Wednesday, November 6, 2013

Isham Green Harris, The War Governor of Tennessee

Tennessee Governor Isham Green Harris, served Nov. 3 1857 - March 12, 1862
Born: Feb 10 1818, Franklin County, TN
Died: July 8, 1897, Washington D.C.
Birth State: Tennessee
Party: Democrat
Wife: Married Martha Maria Travis.  She predeceased her husband by 7 months, dying at Paris Tennessee, interment at Elmwood Cemetery. They had eight children.
National Office Served: Senator
Military Service: CSA Army
Interment: Elmwood Cemetery, Memphis, TN

His nickname, The War Governor of Tennessee, came about when the call for troops came from Washington.  His reply, "Tennessee will not furnish a single man for the purpose of coercion, but 50,000 if necessary for our defense of our rights and those of our Southern brothers."  He did better than that. Tennessee had equipped and made available to the Confederacy 100,000 men by July 1861.

Death of Mrs. Senator Harris
Nashville, Tenn., Jan 21--Mrs Martha A. Harris, wife of Senator Isham G. Harris, died at Paris, Tenn., Wednesday morning at early hour.  She was 74 and married the senator over 50 years ago.  she came of a prominent Henry county family named Travis, one of whom was a hero of the Texas war for independence. Senator Harris, who was summoned several days ago from Washington to his wife's bedside, was attacked with la grippe and was quite ill, but he is reported to be better Wednesday.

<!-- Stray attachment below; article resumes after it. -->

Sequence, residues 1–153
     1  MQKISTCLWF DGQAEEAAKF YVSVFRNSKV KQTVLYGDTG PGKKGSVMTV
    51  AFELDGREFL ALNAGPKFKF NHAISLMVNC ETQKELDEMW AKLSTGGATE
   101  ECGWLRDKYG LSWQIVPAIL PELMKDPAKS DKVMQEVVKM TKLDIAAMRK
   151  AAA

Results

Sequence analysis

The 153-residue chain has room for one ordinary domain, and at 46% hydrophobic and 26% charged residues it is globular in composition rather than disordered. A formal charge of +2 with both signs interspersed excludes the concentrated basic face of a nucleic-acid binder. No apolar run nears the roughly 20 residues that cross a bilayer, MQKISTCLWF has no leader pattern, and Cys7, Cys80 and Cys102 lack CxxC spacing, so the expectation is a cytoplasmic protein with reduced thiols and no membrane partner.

Originally published in the Daily Public Ledger, Maysville KY Jan 21 1897
Death of the Senior Senator from Tennessee, Who had been Failing for Several Months--He was a Notable Character in Public Life, His Official Career Dating Back to 1829--He First Went to Congress in 1849

Washington, July 9--Senator Isham G. Harris of Tennessee, died at his residence here a few minutes before 5 o'clock yesterday afternoon.  He had been growing constantly weaker for the past few days, the intense heat which has prevailed greatly debilitating him, and no doubt hastening his end.  There were times when he would rally slightly which gave his family hopes that he would be able to regain strength sufficient to be removed from the city, but his vitality had become too much exhausted to withstand the strain.  Yesterday morning the Senator revived somewhat but only temporarily.  During the Afternoon he sank reapidly and passed away peacefully.

There were present at his bedside when death came, his son, Mr. Edward K. Harris, and the latter's wife; Representative Benton McMillin, of Tennessee; Miss Polk, a friend from his native state, and the members of the household where the senator has lived for some time.  Another son, Charles H. Harris, not realizing the end was so near, had left the house a short time before death came.

Another son, James F. Harris, residing in Tennessee, is expected to arrive in the city today, and a fourth son, Isham G. Harris Jr., is now on his father's ranch and stock farm at Abilene, Tex., and probably will meet the funeral train when it reaches Memphis, where the interment will be made.

Senator Harris was last in the senate chamber about ten days ago, but he was unable to stay for any length of time, and had to be taken home in a carriage. During the past six months the senator had been able to attend to his duties only at intervals, having been away from the city several times endeavoring to recuperate.

Senator Harris is said to have accepted public office first in 1829, and he was in public life almost continuously after that date, and may be said to have been in public life 68 years.

Probably no man in public life has been identified with more of the history of this country than had Senator Harris. He had almost completed his seventy-ninth year, having been born in February 1818.  his first congressional career thus began earlier than that of any member of either house, antedating Senators Morrill and Sherman by seven years, and Galusha A. Grow, now a member of the house from Pennsylvania, by one year.